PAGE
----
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Missouri, Illinois, Kansas, and Oklahoma Fathers' Rights & Divorce Law Blog

Advice for putting the kids first in divorce

Divorce and co-parenting can often be hard on children. If both mom and dad are always at each other's throats, a child can feel stuck in the middle and even criticized for loving both parents.

But, on a bright note, Dr. Christine Costello, who is a clinical psychologist, recently said she's seeing more and more divorced parents working together when going through a divorce, therefore, saving a lot of heartache for the couple's children.

A recent Baltimore Sun article looked at how parents can go through a divorce and child custody in a way that will help the children.

NBA player fighting for custody of two boys

NBA player Dwyane Wade, who plays for the Miami Heat, is taking a vow to not give up, only he's not referring to basketball. Rather he's talking about his ongoing custody battle.

Wade, who's made headlines during his free-agency decision a few months ago, has also been making headlines as he and his ex-wife and former high school sweetheart, Siohvaughn Funches. The two have been going through a brutal divorce and bitter child custody battle since 2007. Wade wants full custody of both the couple's children.

Men's rights in Missouri: A quick synopsis and some tips

Although many men work off the assumption that they will not get a fair shake in the legal system, there is actually no presumption in Missouri that a mother is automatically entitled to sole custody.  The tender years doctrine (a doctrine that provided that custody of children under 13-years of age should be awarded to mothers) has long been abolished in Missouri.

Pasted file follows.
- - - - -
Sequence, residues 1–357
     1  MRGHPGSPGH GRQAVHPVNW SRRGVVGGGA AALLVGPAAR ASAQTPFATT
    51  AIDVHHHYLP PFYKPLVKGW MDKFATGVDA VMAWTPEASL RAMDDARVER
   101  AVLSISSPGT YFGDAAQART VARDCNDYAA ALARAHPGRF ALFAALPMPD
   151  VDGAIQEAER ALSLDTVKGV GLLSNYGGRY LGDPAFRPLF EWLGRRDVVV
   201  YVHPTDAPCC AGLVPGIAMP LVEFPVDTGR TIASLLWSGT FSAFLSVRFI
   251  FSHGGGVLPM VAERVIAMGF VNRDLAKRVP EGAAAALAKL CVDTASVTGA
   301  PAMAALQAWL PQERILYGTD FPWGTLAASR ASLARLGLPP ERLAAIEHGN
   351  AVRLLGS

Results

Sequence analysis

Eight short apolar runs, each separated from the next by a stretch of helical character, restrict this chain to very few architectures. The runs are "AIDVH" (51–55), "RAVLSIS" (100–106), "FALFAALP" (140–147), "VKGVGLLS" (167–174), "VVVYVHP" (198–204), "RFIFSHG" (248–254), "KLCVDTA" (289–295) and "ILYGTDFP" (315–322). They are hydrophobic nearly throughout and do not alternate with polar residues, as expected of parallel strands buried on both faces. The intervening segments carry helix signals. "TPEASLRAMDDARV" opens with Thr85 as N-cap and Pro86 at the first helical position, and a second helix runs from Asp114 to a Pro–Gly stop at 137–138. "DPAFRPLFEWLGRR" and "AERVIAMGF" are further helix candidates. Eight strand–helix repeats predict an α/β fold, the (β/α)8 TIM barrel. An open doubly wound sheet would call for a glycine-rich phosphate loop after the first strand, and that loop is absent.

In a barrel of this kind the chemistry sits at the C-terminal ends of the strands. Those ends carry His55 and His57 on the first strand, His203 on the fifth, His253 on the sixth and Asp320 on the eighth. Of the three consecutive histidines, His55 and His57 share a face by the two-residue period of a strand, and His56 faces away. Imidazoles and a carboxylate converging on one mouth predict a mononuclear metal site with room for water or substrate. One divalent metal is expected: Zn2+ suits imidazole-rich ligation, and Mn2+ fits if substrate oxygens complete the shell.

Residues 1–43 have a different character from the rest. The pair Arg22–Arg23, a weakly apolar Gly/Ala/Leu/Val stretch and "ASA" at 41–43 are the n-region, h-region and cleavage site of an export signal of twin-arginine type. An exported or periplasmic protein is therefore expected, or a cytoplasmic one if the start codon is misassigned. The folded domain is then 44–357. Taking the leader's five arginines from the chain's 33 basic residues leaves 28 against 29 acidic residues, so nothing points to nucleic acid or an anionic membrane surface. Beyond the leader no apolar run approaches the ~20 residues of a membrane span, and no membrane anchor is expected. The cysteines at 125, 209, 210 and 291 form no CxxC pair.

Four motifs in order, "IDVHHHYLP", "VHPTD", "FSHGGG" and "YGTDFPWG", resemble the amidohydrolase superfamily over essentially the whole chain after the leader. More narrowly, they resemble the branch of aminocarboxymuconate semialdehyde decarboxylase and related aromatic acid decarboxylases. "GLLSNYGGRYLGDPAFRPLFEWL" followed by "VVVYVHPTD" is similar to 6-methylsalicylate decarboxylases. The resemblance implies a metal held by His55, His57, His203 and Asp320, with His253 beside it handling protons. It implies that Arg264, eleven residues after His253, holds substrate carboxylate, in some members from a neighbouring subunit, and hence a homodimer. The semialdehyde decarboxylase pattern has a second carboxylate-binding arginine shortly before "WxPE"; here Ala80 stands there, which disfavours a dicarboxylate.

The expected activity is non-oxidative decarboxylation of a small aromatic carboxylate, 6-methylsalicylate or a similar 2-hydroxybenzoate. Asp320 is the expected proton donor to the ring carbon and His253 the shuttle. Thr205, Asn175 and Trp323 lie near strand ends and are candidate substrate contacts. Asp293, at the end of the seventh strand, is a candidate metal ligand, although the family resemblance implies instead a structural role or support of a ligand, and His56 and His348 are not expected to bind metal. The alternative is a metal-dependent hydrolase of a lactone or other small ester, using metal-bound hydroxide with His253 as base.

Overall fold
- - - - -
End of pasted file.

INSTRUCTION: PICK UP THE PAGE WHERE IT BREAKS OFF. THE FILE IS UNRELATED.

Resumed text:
Instead, Missouri law has a presumption of joint custody. When the facts of a case call for it, courts can and do award joint or sole custody to men based on the principle of what is in the best interest of the child.  While in some instances courts seem to still follow the abolished tender years doctrine and lean toward the mother having custody, this is not the law.  Men today have a greater ability today obtain joint or sole custody than they have in the past if the facts call for it. 

Paternity cases not optional for unmarried fathers

With national data showing the out-of-wedlock birth rate somewhere around forty-percent, paternity cases are on the rise and almost as common as divorce these days.  When a child is born, but the parents were not married at the time of birth, and marriage was not an option for whatever reason, the appropriate case for a father to file to determine if he is dad and, if so, how child custody and support should work is by filing a paternity action filed in the circuit court in which the mother or alleged father live.

What if my ex wants to move with my kids?

If you get divorced in Missouri and you have children, or were part of a prior paternity case where a custody judgment was entered, the mother is to provide notice to you before she can move with your children. This is required by Missouri law according to 452.377 RSMo. This statute gives a procedure by which you must give notice that you are moving and what the notice must contain. This applies whether she is moving nearby within the same county or wants to relocate outside the State of Missouri. Temporary moves do not count. It is necessary for any permanent change of address, which essentially means a change of address for more than ninety days.

How is child support determined in Missouri?

Child support arises one of three ways in Missouri: